Pavelski signs with Dallas Stars as free agent
Portage County Gazette
By John Kemmeter
Plover native Joe Pavelski signed with the Dallas Stars as a free agent Monday, July 1, after he spent each of his 13 seasons in the National Hockey League (NHL) with the San Jose Sharks.
Pavelski joined the Stars on a three-year, $21 million contract that will run through the 2021-22 season.
Last season, Pavelski was named to the NHL All-Star Team for the third time in his career, and helped the Sharks reach the Western Conference Finals of the Stanley Cup Playoffs.
“It was getting to that free-agent window, and once that happened, there were a lot of teams calling in,” said Pavelski in a conference call with reporters July 1. “And it was kind of always the thought that, if we were going to be leaving San Jose, we weren’t just going to go to the highest bidder, there was definitely some boxes that we wanted checked off, and one of them, we wanted to feel that the team was close to winning.
“And playing against the Stars, playing against some of their players, and the season that they had, they were a team that checked off a lot of the boxes for us,” he said. “And then we came in and we spent a couple of days there with some of the management and saw the city, and the youth rinks and the schools and the neighborhoods, and just really tried to visualize ourselves being here. And it seemed like a perfect fit for us.”
“It is not every day a player the caliber of Joe becomes available, and we’re thrilled to be able to add him to our club,” said Dallas Stars general manager Jim Nill in a statement. “He is a leader in every sense of the word, and a proven goal-scorer that continues to produce at an elite level.
“In meeting with him, it is evident how much he values winning, and that mindset will mesh perfectly with our leadership group,” he said.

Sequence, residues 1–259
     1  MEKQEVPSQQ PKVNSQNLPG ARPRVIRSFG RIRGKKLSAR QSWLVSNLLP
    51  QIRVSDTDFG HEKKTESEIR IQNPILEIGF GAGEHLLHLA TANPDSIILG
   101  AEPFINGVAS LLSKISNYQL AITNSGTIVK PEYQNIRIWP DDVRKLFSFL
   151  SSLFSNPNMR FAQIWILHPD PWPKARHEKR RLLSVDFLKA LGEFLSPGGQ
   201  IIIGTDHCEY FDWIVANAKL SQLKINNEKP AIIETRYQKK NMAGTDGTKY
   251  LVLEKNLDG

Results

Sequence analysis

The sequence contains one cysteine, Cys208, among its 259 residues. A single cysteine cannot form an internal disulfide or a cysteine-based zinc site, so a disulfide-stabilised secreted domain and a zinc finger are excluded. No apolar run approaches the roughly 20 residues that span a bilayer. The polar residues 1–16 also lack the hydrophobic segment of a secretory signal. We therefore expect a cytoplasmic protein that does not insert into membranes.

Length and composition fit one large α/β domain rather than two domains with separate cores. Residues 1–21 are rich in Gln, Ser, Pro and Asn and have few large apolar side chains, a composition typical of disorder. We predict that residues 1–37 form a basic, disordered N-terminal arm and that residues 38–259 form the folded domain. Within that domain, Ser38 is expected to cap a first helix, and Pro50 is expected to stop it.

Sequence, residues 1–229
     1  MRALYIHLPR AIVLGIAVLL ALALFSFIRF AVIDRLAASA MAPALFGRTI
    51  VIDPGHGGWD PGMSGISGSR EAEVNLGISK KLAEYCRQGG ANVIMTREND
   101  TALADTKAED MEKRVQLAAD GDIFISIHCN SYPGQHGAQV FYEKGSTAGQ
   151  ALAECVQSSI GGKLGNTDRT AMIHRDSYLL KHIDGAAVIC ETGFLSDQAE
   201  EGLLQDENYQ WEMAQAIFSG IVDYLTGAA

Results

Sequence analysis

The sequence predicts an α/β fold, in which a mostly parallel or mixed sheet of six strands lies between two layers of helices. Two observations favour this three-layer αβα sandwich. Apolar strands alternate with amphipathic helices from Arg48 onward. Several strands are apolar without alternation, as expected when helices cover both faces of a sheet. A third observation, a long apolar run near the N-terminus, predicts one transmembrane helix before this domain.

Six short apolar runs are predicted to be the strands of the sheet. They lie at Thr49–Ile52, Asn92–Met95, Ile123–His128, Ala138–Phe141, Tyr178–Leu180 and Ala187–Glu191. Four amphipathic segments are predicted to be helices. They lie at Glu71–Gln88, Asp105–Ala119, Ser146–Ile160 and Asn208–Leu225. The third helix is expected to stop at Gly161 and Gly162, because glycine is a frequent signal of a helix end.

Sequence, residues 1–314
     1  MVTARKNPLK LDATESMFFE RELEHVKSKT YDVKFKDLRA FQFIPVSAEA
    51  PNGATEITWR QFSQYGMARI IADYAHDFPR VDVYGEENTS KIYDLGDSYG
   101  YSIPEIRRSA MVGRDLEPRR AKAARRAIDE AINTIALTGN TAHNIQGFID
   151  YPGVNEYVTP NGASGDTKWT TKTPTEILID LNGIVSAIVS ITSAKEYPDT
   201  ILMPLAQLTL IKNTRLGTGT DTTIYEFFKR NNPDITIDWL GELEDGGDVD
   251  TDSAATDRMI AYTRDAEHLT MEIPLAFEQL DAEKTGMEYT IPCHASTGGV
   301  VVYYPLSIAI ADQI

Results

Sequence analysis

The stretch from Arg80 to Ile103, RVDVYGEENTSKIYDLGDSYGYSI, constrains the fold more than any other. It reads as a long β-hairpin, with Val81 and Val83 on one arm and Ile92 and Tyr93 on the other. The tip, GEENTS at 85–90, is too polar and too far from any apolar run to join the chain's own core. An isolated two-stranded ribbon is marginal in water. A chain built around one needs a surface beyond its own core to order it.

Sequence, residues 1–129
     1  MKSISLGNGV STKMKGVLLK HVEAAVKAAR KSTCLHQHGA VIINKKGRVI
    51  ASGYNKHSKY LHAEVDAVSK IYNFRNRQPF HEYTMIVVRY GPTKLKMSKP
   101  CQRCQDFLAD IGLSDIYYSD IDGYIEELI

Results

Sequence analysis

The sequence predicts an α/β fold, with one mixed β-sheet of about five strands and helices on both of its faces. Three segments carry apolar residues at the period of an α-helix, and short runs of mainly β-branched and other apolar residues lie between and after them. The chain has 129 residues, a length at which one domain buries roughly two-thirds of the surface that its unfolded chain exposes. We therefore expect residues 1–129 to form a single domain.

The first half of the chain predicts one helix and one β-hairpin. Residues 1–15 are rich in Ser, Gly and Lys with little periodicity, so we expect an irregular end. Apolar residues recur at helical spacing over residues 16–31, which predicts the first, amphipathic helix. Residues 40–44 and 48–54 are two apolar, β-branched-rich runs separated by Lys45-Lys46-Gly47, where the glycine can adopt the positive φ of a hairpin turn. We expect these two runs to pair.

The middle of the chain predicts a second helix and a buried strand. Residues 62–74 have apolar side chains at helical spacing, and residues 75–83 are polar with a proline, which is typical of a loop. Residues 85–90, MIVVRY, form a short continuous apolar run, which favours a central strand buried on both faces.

After leading Stevens Point Area Senior High School (SPASH) to the WIAA State Title as a junior in 2002, Pavelski spent one season with the Waterloo Black Hawks of the USHL, before he was drafted by San Jose in the seventh round of the 2003 NHL Draft with the 205th overall selection, and then led Waterloo to the Clark Cup in 2004.
He played for two seasons for the University of Wisconsin men’s hockey team, and was the leading scorer on the Badgers’ 2006 NCAA Division 1 National Championship team, before he broke into the NHL as a rookie with the Sharks in 2006-07.
Pavelski went on to make the U.S. Olympic men’s hockey team in 2010 and helped the United States win the Silver Medal in Vancouver, and he was named to the U.S. Olympic team again in 2014, which was the last year the NHL allowed its players to compete in the Olympics.
With the Sharks, Pavelski was an NHL All-Star in 2016 and 2017, and again this season, when San Jose hosted the 2019 All-Star Game.
In his 13th season in the NHL in 2018-19, Pavelski led the Shanks with 38 goals, which were the second most of his career, as he ranked 14th in the league in goals, and finished with 64 points to eclipse the 60-point mark for the sixth consecutive season.
“I feel great right now,” said Pavelski, who turns 35 July 11. “I don’t know what people say their prime is, but some of my best years have been 30 to 35, and there’s no reason that number isn’t going to stretch to 35, 36 and 37.
“And I believe that,” he said.
San Jose went on to reach the Western Conference Finals of the Stanley Cup Playoffs this postseason, while Pavelski suffered an injury in Game 5 of the series that caused him to miss Game 6, which the Sharks lost 5-1 to the eventual Stanley Cup Champion St. Louis Blues to fall 4-2 in the best-of-seven series.